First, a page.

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Slagh

Packing a float value to and from RGB in a shader.

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I've edited this post and the thread name a bit, now that I've worked out what people search for. I've worked out the following HLSL code to turn a float value between 0 and 1 into 3 components ready to write to an 8-bit RGB texture:
   const float max24int = 256*256*256-1;
   float3 decomp = floor( value * float3( max24int/(256*256), max24int/256, max24int ) ) / 255.0;
   decomp.z -= decomp.y * 256.0;
   decomp.y -= decomp.x * 256.0;
The recomposition on the other end is the usual dot product:
   float value = dot( decomp.xyz, float3( 255.0/256, 255.0/(256*256), 255.0/(256*256*256) ) );
Obviously the recomposition is about as good as it gets but I feel that there might be a better way to decompose than what I have above. [Edited by - Slagh on March 3, 2008 6:33:31 PM]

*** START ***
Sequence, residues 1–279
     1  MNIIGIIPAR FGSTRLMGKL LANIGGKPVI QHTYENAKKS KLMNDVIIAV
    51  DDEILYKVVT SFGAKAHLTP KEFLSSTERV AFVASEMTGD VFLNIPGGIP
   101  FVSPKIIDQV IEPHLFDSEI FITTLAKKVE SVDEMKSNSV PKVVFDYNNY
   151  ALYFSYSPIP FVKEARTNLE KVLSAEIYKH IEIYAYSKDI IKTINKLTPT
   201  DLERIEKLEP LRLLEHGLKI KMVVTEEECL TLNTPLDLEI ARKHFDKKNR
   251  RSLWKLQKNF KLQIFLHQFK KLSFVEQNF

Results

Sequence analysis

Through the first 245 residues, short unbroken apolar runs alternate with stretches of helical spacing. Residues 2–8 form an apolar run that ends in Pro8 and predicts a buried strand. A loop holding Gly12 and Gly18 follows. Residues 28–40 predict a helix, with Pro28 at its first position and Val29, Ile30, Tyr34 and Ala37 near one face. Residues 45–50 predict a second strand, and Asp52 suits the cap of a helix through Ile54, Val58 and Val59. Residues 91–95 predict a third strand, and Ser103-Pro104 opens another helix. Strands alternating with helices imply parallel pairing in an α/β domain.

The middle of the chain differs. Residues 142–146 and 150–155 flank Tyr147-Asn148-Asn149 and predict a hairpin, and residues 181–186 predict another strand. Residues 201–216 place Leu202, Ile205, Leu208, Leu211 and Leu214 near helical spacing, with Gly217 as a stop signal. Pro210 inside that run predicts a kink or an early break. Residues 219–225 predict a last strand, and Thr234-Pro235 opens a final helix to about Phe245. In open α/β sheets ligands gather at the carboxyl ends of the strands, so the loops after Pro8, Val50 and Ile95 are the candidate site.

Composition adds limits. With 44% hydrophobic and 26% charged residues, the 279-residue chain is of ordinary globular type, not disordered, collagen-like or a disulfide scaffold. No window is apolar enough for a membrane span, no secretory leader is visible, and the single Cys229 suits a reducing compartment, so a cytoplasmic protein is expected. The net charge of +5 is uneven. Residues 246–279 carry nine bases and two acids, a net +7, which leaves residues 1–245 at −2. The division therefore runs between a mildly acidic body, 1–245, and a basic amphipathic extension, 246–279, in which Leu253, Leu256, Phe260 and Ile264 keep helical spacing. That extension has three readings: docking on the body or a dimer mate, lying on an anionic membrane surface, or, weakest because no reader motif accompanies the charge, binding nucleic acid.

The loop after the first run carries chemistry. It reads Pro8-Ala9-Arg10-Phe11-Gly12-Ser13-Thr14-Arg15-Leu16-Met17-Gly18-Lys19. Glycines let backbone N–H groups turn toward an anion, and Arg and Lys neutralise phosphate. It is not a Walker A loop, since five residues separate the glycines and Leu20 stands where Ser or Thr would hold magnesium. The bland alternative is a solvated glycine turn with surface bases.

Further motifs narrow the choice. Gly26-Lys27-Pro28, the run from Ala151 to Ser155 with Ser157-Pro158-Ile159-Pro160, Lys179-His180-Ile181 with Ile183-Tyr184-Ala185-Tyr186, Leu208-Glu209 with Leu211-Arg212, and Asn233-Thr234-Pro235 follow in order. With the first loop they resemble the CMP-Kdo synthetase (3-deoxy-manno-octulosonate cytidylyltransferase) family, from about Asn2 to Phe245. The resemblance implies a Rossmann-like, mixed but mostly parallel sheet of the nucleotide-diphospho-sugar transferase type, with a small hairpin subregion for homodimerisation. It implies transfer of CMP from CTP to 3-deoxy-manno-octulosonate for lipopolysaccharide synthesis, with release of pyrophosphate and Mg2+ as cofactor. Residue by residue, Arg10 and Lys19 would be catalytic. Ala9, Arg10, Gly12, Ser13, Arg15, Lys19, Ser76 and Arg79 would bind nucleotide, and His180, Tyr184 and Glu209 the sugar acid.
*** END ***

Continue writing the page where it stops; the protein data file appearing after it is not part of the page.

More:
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Not sure what the difference between this and the above is, but if you want to use RGBA, here's another method that I got from searching these same forums. If someone wants to explain the difference and pros/cons, I'd love to hear about them and I assume Slagh would as well.


float4 packFactors = float4( 256.0 * 256.0 * 256.0, 256.0 * 256.0, 256.0, 1.0);
float4 unpackFactors = float4( 1.0 / (256.0 * 256.0 * 256.0), 1.0 / (256.0 * 256.0), 1.0 / 256.0, 1.0 );
float4 bitMask = float4(0.0, 1.0 / 256.0, 1.0 / 256.0, 1.0 / 256.0);

float4 Pack( float rawValue )
{
float4 packedValue = float4(frac(packFactors*rawValue));
packedValue -= packedValue.xxyz * bitMask;
return packedValue;
}


float Unpack(float4 encodedValue)
{
return dot(encodedValue,unpackFactors);
}

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Quote:
Original post by jaafit
Not sure what the difference between this and the above is, but if you want to use RGBA, here's another method that I got from searching these same forums. If someone wants to explain the difference and pros/cons, I'd love to hear about them and I assume Slagh would as well.

*** Source Snippet Removed ***


I tried this code out in my test bed and found that after the packed color was written to an RT and then read in another pass, there was a 'discontinuity' around 0.5.

The use of frac is actually quite similar to my earlier attempts, but I found that I had a lot of trouble guessing how the hardware would rescale my float values to [0 255] before writing to the color target. That led to my rework in the OP.

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